As an employer, it is worthwhile considering whether discretionary options such as those above can be accommodated. Employers will need to balance the short-term cost associated with these measures against the longer-term benefits that arise both for the employment relationship and the national interest. 

What if I am unwilling or unable to make payments to an employee who needs to be isolated (but is not diagnosed with Coronavirus) during this period? 

For some businesses, it might not be feasible to pay employees who are required to self-isolate.

If an employer is unwilling or unable to pay employees whilst in isolation and an employee maintains that they are able to work, then employers face a difficult scenario: the employee says they are fit to work, but the employer has concerns that the employee is not fit to work without posing unacceptable safety risks to the workforce. 

The best means of resolving this is to direct the relevant employee to undergo testing if testing is available.

Once the test is undertaken, if the employee is cleared, they are able to return to work (best practice would dictate the employer pays the employee for the relevant period). If the employee tests positive, then they can be permitted to take personal leave for the duration of their absence.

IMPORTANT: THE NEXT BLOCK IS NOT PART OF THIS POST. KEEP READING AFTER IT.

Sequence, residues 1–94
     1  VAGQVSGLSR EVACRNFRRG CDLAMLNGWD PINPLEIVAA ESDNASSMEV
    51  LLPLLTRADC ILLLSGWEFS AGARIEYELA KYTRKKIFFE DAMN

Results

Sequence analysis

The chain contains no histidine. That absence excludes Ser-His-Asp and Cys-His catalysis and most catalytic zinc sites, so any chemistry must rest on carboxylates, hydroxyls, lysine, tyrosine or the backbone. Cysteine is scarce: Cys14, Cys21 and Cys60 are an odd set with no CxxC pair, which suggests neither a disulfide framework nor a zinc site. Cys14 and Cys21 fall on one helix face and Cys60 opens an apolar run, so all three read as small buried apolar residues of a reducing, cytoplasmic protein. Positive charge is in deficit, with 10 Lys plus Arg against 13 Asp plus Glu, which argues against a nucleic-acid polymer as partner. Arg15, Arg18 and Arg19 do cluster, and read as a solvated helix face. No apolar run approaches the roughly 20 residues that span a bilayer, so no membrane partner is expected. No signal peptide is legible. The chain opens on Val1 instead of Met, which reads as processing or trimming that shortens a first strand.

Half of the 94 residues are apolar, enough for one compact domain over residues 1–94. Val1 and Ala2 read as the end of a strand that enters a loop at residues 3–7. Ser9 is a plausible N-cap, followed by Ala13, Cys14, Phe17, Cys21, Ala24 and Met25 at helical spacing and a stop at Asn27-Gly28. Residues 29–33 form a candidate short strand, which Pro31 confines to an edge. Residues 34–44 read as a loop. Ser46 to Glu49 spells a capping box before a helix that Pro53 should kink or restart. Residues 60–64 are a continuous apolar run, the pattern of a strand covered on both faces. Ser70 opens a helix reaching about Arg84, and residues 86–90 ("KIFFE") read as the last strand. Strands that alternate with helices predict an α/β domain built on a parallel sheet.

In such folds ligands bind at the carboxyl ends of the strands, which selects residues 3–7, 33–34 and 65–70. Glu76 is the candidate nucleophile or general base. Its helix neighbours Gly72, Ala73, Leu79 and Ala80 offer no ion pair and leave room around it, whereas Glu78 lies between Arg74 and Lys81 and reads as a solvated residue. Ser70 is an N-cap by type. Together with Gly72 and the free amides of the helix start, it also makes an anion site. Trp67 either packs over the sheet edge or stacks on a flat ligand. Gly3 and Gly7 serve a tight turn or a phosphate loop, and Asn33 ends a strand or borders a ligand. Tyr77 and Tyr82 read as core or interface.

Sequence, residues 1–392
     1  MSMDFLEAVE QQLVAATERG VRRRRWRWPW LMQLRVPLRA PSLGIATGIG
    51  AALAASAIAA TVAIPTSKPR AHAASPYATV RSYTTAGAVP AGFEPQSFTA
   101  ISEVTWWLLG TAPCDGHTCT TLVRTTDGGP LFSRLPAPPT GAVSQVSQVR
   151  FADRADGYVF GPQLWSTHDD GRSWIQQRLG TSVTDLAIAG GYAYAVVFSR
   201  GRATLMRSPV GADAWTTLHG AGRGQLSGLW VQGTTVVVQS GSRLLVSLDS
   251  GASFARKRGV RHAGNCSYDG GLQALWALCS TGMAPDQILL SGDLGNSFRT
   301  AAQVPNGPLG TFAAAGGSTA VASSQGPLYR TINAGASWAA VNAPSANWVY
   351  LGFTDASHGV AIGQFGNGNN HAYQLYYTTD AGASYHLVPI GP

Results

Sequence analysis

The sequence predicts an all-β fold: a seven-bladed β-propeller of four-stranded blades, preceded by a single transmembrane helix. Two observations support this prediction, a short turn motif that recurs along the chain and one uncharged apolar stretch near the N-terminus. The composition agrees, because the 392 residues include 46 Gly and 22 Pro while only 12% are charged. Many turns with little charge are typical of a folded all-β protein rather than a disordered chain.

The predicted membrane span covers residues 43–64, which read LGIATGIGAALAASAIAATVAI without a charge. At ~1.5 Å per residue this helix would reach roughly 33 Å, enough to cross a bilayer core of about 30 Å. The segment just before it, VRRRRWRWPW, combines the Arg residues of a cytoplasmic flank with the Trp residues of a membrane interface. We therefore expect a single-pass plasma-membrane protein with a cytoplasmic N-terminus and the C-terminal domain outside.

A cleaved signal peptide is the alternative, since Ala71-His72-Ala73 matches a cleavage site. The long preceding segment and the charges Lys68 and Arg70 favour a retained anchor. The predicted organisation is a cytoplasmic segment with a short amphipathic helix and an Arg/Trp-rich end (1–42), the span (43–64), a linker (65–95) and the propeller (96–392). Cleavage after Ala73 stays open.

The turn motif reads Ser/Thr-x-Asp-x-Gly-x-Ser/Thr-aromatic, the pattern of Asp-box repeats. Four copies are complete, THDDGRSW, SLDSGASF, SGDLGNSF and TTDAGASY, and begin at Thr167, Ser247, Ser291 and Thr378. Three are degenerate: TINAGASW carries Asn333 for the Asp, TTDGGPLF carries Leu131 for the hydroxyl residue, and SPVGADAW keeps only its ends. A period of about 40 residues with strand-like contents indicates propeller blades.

What if testing is unavailable for employees in isolation? 

The advice from our workplace relations partners, Australian Business Lawyers & Advisors is:

  • It’s a requirement of any employment contract that employees are required to carry out their employment without endangering the safety of other persons.
  • In order to be paid for their service, employees need to be “ready, willing and able” to work.

These principles will govern an employer’s approach to employees who are told to isolate in circumstances where testing is unavailable (or refused by the employee).